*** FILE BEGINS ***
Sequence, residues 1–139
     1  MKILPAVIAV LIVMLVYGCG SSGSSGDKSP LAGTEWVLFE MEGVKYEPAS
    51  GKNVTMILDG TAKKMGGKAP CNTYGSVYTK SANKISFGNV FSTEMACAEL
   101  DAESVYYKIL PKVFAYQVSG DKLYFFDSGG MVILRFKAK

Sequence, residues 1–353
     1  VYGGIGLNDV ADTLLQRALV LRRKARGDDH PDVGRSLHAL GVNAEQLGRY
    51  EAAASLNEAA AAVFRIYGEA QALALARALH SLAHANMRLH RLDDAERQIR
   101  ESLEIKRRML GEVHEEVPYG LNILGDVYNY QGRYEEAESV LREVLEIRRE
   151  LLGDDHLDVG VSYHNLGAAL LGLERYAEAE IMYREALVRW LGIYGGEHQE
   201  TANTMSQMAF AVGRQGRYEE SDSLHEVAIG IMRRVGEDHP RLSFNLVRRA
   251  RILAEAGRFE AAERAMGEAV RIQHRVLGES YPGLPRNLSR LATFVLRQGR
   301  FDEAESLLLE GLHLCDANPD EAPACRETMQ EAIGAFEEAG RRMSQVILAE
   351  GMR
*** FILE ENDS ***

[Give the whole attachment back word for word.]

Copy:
Sequence, residues 1–139
     1  MKILPAVIAV LIVMLVYGCG SSGSSGDKSP LAGTEWVLFE MEGVKYEPAS
    51  GKNVTMILDG TAKKMGGKAP CNTYGSVYTK SANKISFGNV FSTEMACAEL
   101  DAESVYYKIL PKVFAYQVSG DKLYFFDSGG MVILRFKAK

Sequence, residues 1–353
     1  VYGGIGLNDV ADTLLQRALV LRRKARGDDH PDVGRSLHAL GVNAEQLGRY
    51  EAAASLNEAA AAVFRIYGEA QALALARALH SLAHANMRLH RLDDAERQIR
   101  ESLEIKRRML GEVHEEVPYG LNILGDVYNY QGRYEEAESV LREVLEIRRE
   151  LLGDDHLDVG VSYHNLGAAL LGLERYAEAE IMYREALVRW LGIYGGEHQE
   201  TANTMSQMAF AVGRQGRYEE SDSLHEVAIG IMRRVGEDHP RLSFNLVRRA
   251  RILAEAGRFE AAERAMGEAV RIQHRVLGES YPGLPRNLSR LATFVLRQGR
   301  FDEAESLLLE GLHLCDANPD EAPACRETMQ EAIGAFEEAG RRMSQVILAE
   351  GMR